Purpose: To calibrate and compare intake of different fats and individual fatty acids as assessed with a food frequency questionnaire (FFQ) against that estimated with (i) a series of dietary recalls and; (ii) the relative fat concentration in an adipose tissue biopsy. The FFQ was specially designed for use in a cohort of Seventh-day Adventists. In preparation for a large cohort study investigating the effect of diet on risk of colon, prostate and breast cancer.
Methods: The association of adipose tissue fatty acids and dietary fat intake was assessed in 49 black and 72 white Seventh-day Adventists subjects using 8 different 24-hour recalls, a 200-item food frequency questionnaire (FFQ) and adipose tissue biopsies from each subject.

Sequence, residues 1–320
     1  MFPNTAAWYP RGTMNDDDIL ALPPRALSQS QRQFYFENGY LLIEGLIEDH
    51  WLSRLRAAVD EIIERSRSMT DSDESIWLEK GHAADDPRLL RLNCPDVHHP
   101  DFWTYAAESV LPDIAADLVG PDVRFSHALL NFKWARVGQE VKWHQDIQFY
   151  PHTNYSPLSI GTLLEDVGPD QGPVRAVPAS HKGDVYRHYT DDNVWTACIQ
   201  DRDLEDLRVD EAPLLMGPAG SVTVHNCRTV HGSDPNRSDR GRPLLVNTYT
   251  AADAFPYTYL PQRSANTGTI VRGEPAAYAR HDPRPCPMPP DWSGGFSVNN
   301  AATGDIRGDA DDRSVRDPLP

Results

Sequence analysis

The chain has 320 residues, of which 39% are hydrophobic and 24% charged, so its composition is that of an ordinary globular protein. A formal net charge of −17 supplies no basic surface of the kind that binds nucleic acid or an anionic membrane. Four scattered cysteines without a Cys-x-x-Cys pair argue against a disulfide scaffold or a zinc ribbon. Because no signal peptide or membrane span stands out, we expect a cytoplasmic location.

Results: Pearson correlation between fatty acids in adipose tissue and dietary intake as assessed by multiple 24-hour recalls were as follows: Linoleic acid: 0.77 in black and 0.71 in white subjects, respectively; Linolenic acid: 0.68 (blacks) and 0.62 (whites); Total Polyunsaturated fat (PUFA): 0.78 (blacks) and 0.70 (whites); Total Monounsaturated fat (MUFA): 0.35 (blacks) and 0.03 (whites); Total Saturated fat (SFA): 0.46 (blacks) and 0.56 (whites). Correlations between fatty acids in adipose tissue and dietary intake as assessed by FFQ were: Linoleic acid: 0.61 (blacks) and 0.52 (whites), respectively; Linolenic acid: 0.29 (blacks) and 0.49 (whites); PUFA: 0.62 (blacks) and 0.53 (whites); MUFA: 0.07 (blacks) and 0.31 (whites), SFA: 0.21 (blacks) and 0.31 (whites).
Conclusions: Our study confirms findings of others that 24-hour recalls are valid for assessing dietary intake of different types of fat. The FFQ we developed and used in this study gave reasonably valid measures of fatty acid intake in our population and is thus suitable for use in large cohort studies. It had validity comparable to that observed for other FFQs.